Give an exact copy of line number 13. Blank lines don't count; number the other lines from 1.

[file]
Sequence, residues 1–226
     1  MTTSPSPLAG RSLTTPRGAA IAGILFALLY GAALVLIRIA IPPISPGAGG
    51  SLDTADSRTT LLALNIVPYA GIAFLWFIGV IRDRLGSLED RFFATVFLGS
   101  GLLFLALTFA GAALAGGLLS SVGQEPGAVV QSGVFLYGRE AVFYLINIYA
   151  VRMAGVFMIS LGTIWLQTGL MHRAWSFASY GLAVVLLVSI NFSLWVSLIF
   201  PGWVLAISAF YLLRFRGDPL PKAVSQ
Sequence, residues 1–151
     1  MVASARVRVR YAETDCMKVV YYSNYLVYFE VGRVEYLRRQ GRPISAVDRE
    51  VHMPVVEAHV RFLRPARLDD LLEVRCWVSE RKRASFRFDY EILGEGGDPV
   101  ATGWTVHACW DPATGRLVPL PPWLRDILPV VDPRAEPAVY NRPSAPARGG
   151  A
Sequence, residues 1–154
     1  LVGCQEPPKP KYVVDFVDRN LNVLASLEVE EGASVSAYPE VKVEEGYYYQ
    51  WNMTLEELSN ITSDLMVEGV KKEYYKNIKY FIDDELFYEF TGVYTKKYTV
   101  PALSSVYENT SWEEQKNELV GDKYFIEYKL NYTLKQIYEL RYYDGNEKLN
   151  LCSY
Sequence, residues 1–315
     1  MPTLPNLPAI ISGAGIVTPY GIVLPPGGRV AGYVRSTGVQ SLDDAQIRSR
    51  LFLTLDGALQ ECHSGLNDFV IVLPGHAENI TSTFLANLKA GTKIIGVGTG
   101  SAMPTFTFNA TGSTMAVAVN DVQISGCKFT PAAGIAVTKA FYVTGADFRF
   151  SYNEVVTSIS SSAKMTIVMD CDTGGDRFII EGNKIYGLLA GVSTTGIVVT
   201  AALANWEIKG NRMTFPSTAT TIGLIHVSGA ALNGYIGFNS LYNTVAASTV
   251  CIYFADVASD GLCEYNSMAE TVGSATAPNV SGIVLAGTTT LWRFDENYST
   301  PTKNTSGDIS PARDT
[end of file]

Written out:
     1  LVGCQEPPKP KYVVDFVDRN LNVLASLEVE EGASVSAYPE VKVEEGYYYQ